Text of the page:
Dutch royals gift seven 'Tulpi-chairs' to Toronto
They're quirky, modern and orange.
Seven outdoor chairs that resemble the Dutch national flower were "planted" on Toronto's Centre Island as part of King Willem-Alexander and Queen Maxima's visit to the city.
The Dutch royalty -- who are in Toronto as part of their state visit to commemorate Canada's role in liberating the Netherlands during the Second World War -- gifted the "Tulpi-chairs" to the city. They were officially unveiled on Friday.
"I am honoured and proud to accept on behalf of the City of Toronto such beautiful and creative additions to Centre Island," Mayor John Tory said in a statement released on Friday. "The Tulpi chairs will act as a symbol of our two nations' ongoing friendship and the history we both share."
The all-season chairs that add a punch of colour to the island are located near the ferry dock, under the flag poles along the waterfront. They were created by internationally-renowned designer Marco Manders. Similar to a blooming tulip, one side of the chair unfolds to reveal a seat that automatically folds up when not in use.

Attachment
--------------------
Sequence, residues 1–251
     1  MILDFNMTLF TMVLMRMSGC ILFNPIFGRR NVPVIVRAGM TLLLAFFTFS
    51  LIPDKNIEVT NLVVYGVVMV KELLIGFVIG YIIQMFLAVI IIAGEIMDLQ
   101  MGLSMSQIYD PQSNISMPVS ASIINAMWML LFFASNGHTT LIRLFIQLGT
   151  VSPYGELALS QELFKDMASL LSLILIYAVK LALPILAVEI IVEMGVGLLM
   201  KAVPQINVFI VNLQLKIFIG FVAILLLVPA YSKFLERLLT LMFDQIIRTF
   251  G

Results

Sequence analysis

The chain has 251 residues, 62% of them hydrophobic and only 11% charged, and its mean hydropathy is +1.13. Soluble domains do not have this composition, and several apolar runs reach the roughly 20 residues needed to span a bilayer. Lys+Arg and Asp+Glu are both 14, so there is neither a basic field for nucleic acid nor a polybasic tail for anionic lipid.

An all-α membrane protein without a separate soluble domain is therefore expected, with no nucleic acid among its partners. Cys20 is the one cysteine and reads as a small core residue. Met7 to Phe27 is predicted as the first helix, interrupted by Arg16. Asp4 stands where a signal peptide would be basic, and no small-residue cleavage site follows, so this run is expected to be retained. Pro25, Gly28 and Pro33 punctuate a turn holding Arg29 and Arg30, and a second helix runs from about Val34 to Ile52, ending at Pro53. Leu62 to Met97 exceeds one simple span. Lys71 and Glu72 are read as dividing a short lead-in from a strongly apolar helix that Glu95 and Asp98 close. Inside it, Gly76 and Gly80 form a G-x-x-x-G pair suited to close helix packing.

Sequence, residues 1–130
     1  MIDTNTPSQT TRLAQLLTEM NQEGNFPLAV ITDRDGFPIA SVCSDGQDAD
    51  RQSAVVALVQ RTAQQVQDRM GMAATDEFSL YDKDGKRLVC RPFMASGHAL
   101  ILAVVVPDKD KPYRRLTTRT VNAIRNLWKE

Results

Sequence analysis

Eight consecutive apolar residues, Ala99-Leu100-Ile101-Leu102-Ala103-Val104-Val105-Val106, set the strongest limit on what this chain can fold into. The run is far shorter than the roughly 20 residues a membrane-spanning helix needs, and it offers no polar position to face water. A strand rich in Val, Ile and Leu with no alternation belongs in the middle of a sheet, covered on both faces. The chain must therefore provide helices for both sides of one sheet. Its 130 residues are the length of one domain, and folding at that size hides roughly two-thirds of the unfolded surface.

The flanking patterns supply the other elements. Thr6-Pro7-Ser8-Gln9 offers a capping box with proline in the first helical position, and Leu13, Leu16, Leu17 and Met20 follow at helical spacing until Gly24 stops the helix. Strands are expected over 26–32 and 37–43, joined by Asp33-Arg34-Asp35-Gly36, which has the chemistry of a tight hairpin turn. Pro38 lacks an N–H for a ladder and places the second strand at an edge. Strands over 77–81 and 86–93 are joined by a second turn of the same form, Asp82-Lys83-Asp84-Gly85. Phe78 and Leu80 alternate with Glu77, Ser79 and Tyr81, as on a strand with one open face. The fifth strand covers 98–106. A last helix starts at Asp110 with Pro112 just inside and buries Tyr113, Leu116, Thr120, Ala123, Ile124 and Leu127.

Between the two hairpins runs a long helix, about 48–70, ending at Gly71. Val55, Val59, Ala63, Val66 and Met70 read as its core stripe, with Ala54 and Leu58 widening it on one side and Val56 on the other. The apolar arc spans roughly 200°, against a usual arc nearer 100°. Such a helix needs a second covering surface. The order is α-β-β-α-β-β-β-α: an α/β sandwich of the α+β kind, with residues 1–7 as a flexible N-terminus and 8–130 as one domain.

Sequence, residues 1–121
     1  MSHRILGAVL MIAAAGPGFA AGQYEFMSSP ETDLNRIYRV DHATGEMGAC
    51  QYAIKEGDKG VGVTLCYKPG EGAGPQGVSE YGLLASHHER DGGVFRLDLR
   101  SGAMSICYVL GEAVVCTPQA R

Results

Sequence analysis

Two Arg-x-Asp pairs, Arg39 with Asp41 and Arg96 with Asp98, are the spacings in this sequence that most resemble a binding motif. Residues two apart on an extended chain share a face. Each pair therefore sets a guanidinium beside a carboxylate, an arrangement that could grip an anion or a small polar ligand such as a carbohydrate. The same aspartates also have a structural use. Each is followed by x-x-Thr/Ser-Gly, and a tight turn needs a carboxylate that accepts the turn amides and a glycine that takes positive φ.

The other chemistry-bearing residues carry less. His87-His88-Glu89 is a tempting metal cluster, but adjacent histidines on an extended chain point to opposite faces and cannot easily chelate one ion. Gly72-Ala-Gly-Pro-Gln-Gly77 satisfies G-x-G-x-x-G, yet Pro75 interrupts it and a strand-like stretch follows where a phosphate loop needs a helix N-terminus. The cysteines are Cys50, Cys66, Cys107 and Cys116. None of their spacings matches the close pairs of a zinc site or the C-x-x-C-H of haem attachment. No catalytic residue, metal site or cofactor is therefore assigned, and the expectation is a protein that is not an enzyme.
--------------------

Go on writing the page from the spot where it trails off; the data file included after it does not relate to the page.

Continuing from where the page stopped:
Earlier on Friday, the royal pair was at Queen's Park, where they were greeted by hundreds of excited fans. Queen Maxima, who wore a white, knee-length dress that was cinched at the waist, wowed the crowd with her fashion sense. She shook hands with many people, but declined a request to take a selfie, joking that she didn't want to make the king late.
The royal visit to Ontario is the first in nearly 30 years by members of the Dutch monarchy.
On Thursday, they were in Waterloo, Ont., awarding scholarships to Canadian students as part of the 70th anniversary since the end of the Nazi occupation in the Netherlands. The historical event is commemorated every May 5 by the Dutch.
Friday's visit to Toronto also included a meeting with Ontario's Lt.-Gov. Elizabeth Dowdeswell and a conversation with Ontario Premier Kathleen Wynne. Wynne, who lived in Holland for years, spoke with the royal couple in Dutch.
With a report from CTV Toronto's Paul Bliss